Jump to ContentJump to Main Navigation
The Quintessential NaturalistHonoring the Life and Legacy of Oliver P. Pearson$
Users without a subscription are not able to see the full content.

Douglas Kelt and Deborah Kaspin

Print publication date: 2007

Print ISBN-13: 9780520098596

Published to California Scholarship Online: March 2012

DOI: 10.1525/california/9780520098596.001.0001

Show Summary Details
Page of

PRINTED FROM CALIFORNIA SCHOLARSHIP ONLINE (www.california.universitypressscholarship.com). (c) Copyright University of California Press, 2022. All Rights Reserved. An individual user may print out a PDF of a single chapter of a monograph in CALSO for personal use.date: 05 July 2022

The Octodontidae Revisited

The Octodontidae Revisited

Una Revision De Octodontidae

(p.694) (p.695) The Octodontidae Revisited
The Quintessential Naturalist

Milton H. Gallardo

Ricardo A. Ojeda

Claudio A. González

Carolina A. Ríos

University of California Press

This chapter observes that the monophyletic and depauperate assemblage of South American octodontid rodents has experienced an extensive adaptive radiation from above-ground dwellers to subterranean, saxicolous, and gerbil-like deserticolous life forms. It notes that complex and saltational chromosomal repatterning is a hallmark of octodontid evolution. The chapter further notes that recent molecular evidence links these chromosome dynamics with quantum genome size shifts, and probably with reticulate evolution via introgressive hybridization in the desert dwellers Tympanoctomys barrerae and Pipanacoctomys aureus. It theorizes that genome duplication represents a novel mechanism of evolution in mammals and its adaptive role is reflected in the ability of deserticolous species to colonize the extreme environment of salt flats. The chapter observes that unique to Tympanoctomys is the rigid bundle of hairs behind the upper incisors, which is crucial to efficiently peel saltbrush leaves and probably explains its broader distribution relative to P aureus.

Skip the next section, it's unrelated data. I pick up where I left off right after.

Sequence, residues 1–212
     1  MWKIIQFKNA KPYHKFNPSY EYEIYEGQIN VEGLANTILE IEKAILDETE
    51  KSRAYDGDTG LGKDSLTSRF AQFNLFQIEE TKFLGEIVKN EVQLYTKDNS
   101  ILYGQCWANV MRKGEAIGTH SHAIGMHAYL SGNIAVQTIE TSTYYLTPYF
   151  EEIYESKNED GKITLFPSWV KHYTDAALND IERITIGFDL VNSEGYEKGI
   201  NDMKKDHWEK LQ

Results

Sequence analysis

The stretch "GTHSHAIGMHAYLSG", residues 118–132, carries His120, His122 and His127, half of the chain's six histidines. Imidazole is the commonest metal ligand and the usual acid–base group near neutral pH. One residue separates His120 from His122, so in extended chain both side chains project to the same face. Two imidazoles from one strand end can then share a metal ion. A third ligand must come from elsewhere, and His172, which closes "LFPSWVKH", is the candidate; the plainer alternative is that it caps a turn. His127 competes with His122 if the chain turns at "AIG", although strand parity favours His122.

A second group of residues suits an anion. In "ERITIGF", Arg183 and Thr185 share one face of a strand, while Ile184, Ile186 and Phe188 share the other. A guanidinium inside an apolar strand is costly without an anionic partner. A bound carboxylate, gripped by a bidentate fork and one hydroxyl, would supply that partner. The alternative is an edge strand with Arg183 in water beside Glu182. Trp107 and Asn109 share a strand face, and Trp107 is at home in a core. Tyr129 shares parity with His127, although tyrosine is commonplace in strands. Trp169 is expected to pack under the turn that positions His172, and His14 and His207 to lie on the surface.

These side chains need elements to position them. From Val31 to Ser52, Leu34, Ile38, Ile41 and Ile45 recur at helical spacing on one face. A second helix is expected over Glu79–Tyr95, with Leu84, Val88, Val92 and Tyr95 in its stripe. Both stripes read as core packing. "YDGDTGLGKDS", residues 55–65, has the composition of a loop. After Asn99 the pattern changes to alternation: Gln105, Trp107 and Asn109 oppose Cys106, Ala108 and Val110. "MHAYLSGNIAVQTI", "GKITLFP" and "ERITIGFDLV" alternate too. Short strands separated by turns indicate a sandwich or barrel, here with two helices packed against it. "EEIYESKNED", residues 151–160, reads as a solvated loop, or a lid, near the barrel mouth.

Keywords:   octodontid rodents, adaptive radiation, saltational chromosomal repatterning, octodontid evolution, introgressive hybridization, Tympanoctomys barrerae, Pipanacoctomys aureus, genome duplication, mammals, deserticolous species

California Scholarship Online requires a subscription or purchase to access the full text of books within the service. Public users can however freely search the site and view the abstracts and keywords for each book and chapter.

Please, subscribe or login to access full text content.

If you think you should have access to this title, please contact your librarian.

To troubleshoot, please check our FAQs, and if you can't find the answer there, please contact us.